7 .Dr. we have the following conclusion: (1) The popular CE Amp circuit’s voltage gain is dependent upon (a) RC (b) Load resistor . Charles Kim Whew! After a long road to the final circuit. (3) Since the load resistor is also in the equation. so-called. Remember this when you design your Common Emitter Amplifier. load affects the voltage gain of the circuit. (2) Since Emitter resistance is dependent on temperature. the voltage gain of the circuit can be unstable. and (c) the Emitter resistance. swamped Common Emitter Amplifier. Design steps and consideration are discussed in the next Common Emitter Amplifier. Here the idea is to add some bypassed emitter resistance for stable biasing with no change in gain at signal frequencies. Here I intentionally summarize the way we design for a common emitter amplifier because the above amplifier is not the best one I suggest.

Dr. The Common Emitter Amplifier circuit is shown below: As you see above. Charles Kim Swamped Common Emitter Amplifier The only change here in the most popular Common Emitter Amplifier is that we increase the AC resistance of the Emitter circuit to reduce variations in voltage gain. DC ANALYSIS: 8 . part of the Emitter resistance is bypassed by the capacitor CE.

we short out capacitors when the AC signal frequency is high. Let’s get the AC analysis circuit with capacitors are not shorted out. If we reduce the circuit A then. thankfully. Charles Kim AC ANALYSIS: FREQUENCY ANALYSIS: Well. A. Before we said. Then how “high” is high enough? This will answer the bandwidth of our Common Emitter Amplifier. the capacitor cannot be removed from the consideration. we can see the circuit from Vin to the Base of the BJT (which is the input coupling circuit) forms a simple typical passive high pass filter circuit. in AC analysis.Dr. It’s cutoff frequency is determined by the capacitor and resistor. 9 . we’ve run far and. Let’s look at the left circled circuit part. This means that when AC signal frequency is low. this is the last subject of the discussion.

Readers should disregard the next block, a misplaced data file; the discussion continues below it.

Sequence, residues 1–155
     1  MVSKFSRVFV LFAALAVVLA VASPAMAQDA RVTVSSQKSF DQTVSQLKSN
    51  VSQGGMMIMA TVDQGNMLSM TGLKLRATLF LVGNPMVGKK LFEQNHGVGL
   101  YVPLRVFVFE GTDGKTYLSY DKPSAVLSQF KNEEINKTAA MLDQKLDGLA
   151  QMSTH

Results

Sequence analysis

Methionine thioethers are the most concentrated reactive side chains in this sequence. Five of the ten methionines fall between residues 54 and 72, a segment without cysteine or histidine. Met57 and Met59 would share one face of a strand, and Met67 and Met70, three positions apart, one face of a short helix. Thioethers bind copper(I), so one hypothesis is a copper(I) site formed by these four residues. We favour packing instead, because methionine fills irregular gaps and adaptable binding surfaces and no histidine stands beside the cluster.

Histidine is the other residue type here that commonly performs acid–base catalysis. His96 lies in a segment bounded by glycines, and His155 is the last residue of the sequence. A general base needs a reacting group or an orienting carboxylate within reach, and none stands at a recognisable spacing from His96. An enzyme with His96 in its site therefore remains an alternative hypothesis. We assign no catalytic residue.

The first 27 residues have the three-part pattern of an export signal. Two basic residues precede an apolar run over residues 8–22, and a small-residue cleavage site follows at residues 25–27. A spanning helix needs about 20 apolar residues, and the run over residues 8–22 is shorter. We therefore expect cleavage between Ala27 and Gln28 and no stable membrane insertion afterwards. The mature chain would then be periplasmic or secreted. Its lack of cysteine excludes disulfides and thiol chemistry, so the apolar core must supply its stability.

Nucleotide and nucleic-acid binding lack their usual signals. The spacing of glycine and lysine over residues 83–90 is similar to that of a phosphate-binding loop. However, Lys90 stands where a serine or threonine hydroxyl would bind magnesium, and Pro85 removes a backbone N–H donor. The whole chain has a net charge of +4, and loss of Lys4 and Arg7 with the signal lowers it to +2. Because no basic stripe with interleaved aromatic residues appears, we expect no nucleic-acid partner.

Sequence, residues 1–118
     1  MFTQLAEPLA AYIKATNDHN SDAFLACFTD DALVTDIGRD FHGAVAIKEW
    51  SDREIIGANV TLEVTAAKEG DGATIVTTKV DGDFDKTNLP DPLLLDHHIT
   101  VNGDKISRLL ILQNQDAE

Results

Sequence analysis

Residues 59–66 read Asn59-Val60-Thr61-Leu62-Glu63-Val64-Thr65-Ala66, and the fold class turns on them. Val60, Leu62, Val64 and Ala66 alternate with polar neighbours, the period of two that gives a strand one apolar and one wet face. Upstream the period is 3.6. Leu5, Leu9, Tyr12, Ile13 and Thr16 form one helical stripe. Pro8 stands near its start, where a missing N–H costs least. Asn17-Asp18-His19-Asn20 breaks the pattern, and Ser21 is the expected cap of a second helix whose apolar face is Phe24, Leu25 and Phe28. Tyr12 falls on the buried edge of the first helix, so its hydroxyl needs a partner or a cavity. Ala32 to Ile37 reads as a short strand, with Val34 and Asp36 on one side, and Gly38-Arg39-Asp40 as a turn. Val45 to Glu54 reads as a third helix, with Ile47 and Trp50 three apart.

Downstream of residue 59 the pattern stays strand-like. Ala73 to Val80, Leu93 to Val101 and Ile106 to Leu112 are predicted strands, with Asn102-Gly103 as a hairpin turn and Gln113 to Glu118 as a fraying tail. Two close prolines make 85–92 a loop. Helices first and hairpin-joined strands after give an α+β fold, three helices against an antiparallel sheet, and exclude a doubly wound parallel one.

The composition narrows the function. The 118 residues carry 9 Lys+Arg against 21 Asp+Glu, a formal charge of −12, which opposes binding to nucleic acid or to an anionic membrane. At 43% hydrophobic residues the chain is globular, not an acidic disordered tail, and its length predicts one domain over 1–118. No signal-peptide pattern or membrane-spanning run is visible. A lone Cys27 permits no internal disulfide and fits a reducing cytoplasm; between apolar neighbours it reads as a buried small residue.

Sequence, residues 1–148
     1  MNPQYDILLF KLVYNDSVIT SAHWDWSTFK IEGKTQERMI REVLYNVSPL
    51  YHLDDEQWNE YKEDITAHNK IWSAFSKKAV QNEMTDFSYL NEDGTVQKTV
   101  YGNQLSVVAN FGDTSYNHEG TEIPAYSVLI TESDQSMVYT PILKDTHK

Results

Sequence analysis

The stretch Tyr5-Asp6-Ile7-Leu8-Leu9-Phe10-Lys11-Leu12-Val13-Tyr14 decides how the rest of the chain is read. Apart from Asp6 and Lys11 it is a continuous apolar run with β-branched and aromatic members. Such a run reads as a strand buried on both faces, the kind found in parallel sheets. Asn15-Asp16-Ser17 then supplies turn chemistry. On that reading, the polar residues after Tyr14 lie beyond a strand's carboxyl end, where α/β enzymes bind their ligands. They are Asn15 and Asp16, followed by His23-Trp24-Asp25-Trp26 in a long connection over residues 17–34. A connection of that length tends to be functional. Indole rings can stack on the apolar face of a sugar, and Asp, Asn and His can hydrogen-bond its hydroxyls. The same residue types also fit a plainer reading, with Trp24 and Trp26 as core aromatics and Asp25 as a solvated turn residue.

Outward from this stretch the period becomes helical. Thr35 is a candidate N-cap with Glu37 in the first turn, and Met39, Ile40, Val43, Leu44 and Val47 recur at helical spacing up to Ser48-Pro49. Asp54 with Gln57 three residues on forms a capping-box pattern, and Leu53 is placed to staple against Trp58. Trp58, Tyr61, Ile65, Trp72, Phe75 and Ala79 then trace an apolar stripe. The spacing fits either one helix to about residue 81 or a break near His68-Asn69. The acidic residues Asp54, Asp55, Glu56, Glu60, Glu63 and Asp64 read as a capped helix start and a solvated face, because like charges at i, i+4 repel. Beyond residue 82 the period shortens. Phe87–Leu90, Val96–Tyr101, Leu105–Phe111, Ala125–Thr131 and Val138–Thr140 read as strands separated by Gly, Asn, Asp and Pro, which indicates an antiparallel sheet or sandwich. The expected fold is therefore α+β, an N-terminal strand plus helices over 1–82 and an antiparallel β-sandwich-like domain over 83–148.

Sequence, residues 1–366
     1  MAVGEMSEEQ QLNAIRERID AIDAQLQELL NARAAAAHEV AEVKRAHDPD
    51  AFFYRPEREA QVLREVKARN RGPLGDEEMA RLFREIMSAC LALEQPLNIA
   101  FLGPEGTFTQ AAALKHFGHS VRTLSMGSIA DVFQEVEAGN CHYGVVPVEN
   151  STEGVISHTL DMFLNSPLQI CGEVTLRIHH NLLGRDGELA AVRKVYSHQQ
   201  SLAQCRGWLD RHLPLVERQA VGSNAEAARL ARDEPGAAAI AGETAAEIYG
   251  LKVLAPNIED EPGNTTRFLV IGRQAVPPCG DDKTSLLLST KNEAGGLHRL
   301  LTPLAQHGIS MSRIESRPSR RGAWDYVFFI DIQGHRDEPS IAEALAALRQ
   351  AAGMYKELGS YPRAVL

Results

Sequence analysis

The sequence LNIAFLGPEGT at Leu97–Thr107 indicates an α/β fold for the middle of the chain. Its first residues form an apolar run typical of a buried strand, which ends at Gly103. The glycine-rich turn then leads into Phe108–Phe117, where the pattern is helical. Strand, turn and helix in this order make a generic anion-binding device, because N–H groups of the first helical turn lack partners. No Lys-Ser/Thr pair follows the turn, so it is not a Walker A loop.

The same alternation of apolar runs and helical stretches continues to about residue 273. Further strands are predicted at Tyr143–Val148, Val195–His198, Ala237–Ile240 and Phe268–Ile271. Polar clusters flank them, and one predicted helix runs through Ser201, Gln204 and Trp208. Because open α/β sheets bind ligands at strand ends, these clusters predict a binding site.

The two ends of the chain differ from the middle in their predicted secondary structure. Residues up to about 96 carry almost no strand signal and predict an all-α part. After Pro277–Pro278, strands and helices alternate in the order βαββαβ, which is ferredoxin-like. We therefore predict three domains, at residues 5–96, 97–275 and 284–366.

10 . again. the circuit part at the bottom for bypassing. If you change the load. Charles Kim From here we can guess (and use it in the design) what the lowest frequency it can pass without any reduction in the promised gain. we can see this part is a simple typical passive low pass filter. What about the output side capacitor? That part is again another high pass filter circuit. B. with its cutoff frequency controlled by. that means you change the frequency response of the circuit.Dr. On the other hand. capacitor and resistor.

You. This value may be significantly different from your assigned work.Dr. we are now eager to design a circuit. Let's do some simulation first. I mean. (b) To ease the limitation of power supply by IOBoard. or project of your class. Circuit Formation in PSPice Note that: (a) Input signal is VAC (instead of usual VSIN) in the circuit since we need frequency response of the output voltage. Different frequency will be applied by the simulator. Find expected voltage gain from the DC analysis. but very important starter. AC Sweep is done only with VAC with only amplitude specified. 11 . (e) Why those values of capacitors? Perform AC analysis and find expected low and high cutoff frequencies. Charles Kim B. But wait for a second. VCC is supplied by 5V source. Since I cannot satisfy everybody. homework.2 Simulation Since we spent enough time in Theory on Common Emitter Amplifier. take the circuit presented here as a starter. The circuit presented here may somewhat disappoint you mainly because this circuit does not satisfy the assignment. (c) The load resistance in the circuit is chosen 100kΩ. Right? (d) Why those values of resistors? Try to answer by DC analysis. you need to do some work too. and I do not intend to do so by the way.

your AC source must be VAC. AC Sweep To do AC Sweep. Here I set from 0 to 100MHz. 12 . From here you can get a lot of information.Dr. and I picked 0. In the AC Sweep we have to assign our frequency band of interest. Charles Kim Getting Voltage and Current (all DC of course) gives you the pseudo-DC analysis of the circuit.5 in the circuit above. You decide only ACMAG (AC magnitude).

Charles Kim Then we place two voltage probes for frequency analysis: Simulated Results (Frequency Response) The green tracing is the voltage at the load and red.100MHz. What is the low cutoff frequency? What is the high cutoff frequency? What is the mid-band voltage gain? How can you change the cutoff frequencies by changing capacitor values? How do you change the gain by changing resistor values? Do you see the influence of load.Dr. the input voltage. so called "load effect"? 13 . at each of the frequency at the range of 0 .